Term Asset-Backed Securities Loan Facility: Terms and Conditions1

Effective February 6, 2009
Current Terms and Conditions

Facility
The TALF will be a Federal Reserve credit facility authorized under section 13(3) of the Federal Reserve Act. The TALF is intended to make credit available to consumers and small businesses on more favorable terms by facilitating the issuance of asset-backed securities (ABS) and improving the market conditions for ABS more generally.

The Federal Reserve Bank of New York (New York Fed) will make up to $200 billion of loans under the TALF. TALF loans will have a term of three years; will be non-recourse to the borrower; and will be fully secured by eligible ABS. The U.S. Treasury Department will provide $20 billion of credit protection to the Federal Reserve in connection with the TALF, as described below.

Eligible Collateral
Eligible collateral will include U.S. dollar-denominated cash (that is, not synthetic) ABS that have a credit rating in the highest long-term or short-term investment-grade rating category from two or more major nationally recognized statistical rating organizations (NRSROs) and do not have a credit rating below the highest investment-grade rating category from a major NRSRO. Eligible collateral will not include ABS that obtain such credit ratings based on the benefit of a third-party guarantee or ABS that a major NRSRO has placed on review or watch for downgrade. Eligible small business loan ABS also will include U.S. dollar-denominated cash ABS that are, or for which all of the underlying credit exposures are, fully guaranteed as to principal and interest by the full faith and credit of the U.S. government. Eligible collateral will include only ABS that are cleared through the Depository Trust Company.

All or substantially all of the credit exposures underlying eligible ABS must be exposures to U.S.-domiciled obligors. The underlying credit exposures of eligible ABS initially must be auto loans, student loans, credit card loans, or small business loans fully guaranteed as to principal and interest by the U.S. Small Business Administration. For these purposes, auto loans will include retail loans and leases relating to cars, light trucks, recreational vehicles, or motorcycles, and will include auto dealer floorplan loans; student loans will include federally guaranteed student loans (including consolidation loans) and private student loans. The set of permissible underlying credit exposures of eligible ABS may be expanded later to include commercial mortgages, non-Agency residential mortgages, and/or other asset classes. The underlying credit exposures must not include exposures that are themselves cash or synthetic ABS.

Except for SBA Pool Certificates or Development Company Participation Certificates, eligible ABS must be issued on or after January 1, 2009. All or substantially all of the credit exposures underlying eligible auto loan ABS (except auto dealer floorplan ABS) must have been originated on or after October 1, 2007. All or substantially all of the credit exposures underlying eligible student loan ABS must have had a first disbursement date on or after May 1, 2007. SBA Pool Certificates and Development Company Participation Certificates must have been issued on or after January 1, 2008, regardless of the dates of the underlying loans or debentures. The SBA-guaranteed credit exposures underlying all other eligible small business ABS must have been originated on or after January 1, 2008. Eligible credit card and auto dealer floorplan ABS must be issued to refinance existing credit card and auto dealer floorplan ABS, respectively, maturing in 2009 and must be issued in amounts no greater than the amount of the maturing ABS.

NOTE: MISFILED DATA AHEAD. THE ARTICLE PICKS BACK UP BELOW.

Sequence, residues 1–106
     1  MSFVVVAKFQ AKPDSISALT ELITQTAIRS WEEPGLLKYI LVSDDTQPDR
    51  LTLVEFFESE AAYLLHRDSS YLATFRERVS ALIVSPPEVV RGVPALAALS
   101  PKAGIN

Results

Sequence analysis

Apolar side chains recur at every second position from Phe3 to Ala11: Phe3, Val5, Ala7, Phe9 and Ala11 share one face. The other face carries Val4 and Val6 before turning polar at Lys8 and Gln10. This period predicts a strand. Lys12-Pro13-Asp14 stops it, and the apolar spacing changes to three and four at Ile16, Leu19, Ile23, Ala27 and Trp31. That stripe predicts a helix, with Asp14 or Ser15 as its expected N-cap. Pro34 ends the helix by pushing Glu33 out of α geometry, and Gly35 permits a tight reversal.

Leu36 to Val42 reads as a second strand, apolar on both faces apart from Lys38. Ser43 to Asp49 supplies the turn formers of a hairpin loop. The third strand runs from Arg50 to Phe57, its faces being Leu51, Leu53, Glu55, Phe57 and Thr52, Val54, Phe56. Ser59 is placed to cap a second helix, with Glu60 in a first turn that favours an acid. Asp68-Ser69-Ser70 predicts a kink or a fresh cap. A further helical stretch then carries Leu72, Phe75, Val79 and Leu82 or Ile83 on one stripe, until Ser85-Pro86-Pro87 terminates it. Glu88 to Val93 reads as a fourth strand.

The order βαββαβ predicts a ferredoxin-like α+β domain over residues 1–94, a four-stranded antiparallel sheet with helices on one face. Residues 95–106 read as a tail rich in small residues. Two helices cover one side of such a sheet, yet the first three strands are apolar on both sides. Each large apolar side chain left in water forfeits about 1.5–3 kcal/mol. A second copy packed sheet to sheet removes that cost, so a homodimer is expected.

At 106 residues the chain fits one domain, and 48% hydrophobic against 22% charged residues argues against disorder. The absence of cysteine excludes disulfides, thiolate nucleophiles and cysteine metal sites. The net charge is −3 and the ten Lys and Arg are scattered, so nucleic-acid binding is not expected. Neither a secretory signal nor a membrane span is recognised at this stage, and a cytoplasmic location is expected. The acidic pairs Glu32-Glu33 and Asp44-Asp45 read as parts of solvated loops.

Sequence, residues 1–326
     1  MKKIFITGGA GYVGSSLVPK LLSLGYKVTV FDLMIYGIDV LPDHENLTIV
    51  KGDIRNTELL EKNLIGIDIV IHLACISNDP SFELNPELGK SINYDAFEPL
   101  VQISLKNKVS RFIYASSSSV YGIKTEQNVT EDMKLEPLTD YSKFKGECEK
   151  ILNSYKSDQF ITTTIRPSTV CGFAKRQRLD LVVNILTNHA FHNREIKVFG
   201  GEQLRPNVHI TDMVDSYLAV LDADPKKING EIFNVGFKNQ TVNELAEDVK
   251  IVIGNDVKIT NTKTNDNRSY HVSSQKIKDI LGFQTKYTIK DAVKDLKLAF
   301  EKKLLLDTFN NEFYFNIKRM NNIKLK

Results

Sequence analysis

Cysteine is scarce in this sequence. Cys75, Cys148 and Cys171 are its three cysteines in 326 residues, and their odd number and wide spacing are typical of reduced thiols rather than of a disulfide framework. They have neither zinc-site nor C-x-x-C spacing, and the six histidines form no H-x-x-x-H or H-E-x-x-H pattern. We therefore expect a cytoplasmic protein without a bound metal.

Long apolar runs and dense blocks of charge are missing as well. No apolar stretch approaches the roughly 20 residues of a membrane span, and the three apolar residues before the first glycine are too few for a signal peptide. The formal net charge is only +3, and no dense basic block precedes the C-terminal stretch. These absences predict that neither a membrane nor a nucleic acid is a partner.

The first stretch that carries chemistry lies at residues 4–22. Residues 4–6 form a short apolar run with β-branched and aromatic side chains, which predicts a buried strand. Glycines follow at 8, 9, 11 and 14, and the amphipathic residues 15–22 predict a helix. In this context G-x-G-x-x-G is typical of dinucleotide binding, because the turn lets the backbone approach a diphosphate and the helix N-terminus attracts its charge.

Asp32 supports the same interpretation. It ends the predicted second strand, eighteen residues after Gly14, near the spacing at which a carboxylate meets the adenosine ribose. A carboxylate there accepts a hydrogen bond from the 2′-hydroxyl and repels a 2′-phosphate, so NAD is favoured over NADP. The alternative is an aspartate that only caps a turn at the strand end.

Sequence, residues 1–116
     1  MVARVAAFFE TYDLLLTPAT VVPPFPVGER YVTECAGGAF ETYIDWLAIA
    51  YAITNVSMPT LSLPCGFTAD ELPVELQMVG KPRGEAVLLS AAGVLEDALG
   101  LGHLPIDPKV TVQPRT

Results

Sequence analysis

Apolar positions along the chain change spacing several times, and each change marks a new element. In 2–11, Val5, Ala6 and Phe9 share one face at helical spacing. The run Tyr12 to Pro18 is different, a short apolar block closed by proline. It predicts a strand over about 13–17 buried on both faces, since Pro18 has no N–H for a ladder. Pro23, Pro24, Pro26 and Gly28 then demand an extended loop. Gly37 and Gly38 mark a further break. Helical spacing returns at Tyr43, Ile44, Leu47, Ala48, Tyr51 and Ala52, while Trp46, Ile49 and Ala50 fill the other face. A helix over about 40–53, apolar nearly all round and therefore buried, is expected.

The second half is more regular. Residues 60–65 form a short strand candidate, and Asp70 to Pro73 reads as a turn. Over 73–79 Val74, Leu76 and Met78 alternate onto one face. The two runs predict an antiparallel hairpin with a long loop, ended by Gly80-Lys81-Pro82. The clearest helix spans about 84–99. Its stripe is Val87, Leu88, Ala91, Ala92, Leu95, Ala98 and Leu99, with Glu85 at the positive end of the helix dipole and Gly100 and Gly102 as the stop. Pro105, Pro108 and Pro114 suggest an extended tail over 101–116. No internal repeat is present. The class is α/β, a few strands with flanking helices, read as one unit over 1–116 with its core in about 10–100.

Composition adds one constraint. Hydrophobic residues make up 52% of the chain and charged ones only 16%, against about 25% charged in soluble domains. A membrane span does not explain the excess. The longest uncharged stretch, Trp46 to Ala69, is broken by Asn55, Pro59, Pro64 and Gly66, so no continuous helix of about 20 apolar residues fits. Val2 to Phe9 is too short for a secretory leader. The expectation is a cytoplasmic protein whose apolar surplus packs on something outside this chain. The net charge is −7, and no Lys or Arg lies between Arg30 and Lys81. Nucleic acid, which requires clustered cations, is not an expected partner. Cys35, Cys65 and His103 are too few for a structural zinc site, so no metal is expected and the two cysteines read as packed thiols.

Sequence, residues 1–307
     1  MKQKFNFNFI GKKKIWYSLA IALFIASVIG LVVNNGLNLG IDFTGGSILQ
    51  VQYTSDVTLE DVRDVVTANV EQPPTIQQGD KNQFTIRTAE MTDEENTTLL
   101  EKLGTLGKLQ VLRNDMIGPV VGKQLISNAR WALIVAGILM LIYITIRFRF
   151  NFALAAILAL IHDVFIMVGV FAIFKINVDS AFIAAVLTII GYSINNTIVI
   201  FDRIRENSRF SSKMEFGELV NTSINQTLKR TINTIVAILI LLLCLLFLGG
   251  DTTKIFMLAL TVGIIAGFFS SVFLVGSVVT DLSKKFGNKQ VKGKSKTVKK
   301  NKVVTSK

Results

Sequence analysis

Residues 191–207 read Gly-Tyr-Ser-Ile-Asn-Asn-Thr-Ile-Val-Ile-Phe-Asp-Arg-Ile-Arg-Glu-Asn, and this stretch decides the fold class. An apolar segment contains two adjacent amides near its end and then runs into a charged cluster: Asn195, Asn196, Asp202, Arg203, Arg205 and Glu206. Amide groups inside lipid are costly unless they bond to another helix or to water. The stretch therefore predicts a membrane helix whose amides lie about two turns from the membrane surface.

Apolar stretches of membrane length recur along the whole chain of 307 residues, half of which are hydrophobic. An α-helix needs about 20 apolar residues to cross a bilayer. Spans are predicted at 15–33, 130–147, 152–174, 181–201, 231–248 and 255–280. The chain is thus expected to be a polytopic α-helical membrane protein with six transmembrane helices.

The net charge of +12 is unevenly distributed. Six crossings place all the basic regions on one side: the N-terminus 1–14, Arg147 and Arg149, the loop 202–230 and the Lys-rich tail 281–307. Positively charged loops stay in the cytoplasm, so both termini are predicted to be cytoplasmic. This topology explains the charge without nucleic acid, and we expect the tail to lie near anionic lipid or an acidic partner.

Eligible auto loan ABS and credit card ABS must have an expected life of no more than five years.

Eligible collateral for a particular borrower must not be backed by loans originated or securitized by the borrower or by an affiliate of the borrower.

Eligible Borrowers
Any U.S. company that owns eligible collateral may borrow from the TALF, provided the company maintains an account relationship with a primary dealer. An entity is a U.S. company for purposes of the TALF if it is (i) a business entity or institution that is organized under the laws of the United States or a political subdivision or territory thereof (U.S.-organized) and conducts significant operations or activities in the United States (regardless of whether any such entity has a parent company that is not U.S.-organized), including any U.S.-organized subsidiary of such an entity; (ii) a U.S. branch or agency of a foreign bank (other than a foreign central bank) that maintains reserves with a Federal Reserve Bank; or (iii) an investment fund that is U.S.-organized and managed by an investment manager that has its principal place of business in the United States. Notwithstanding the foregoing, a U.S. company excludes any entity that is controlled by a foreign government or is managed by an investment manager controlled by a foreign government.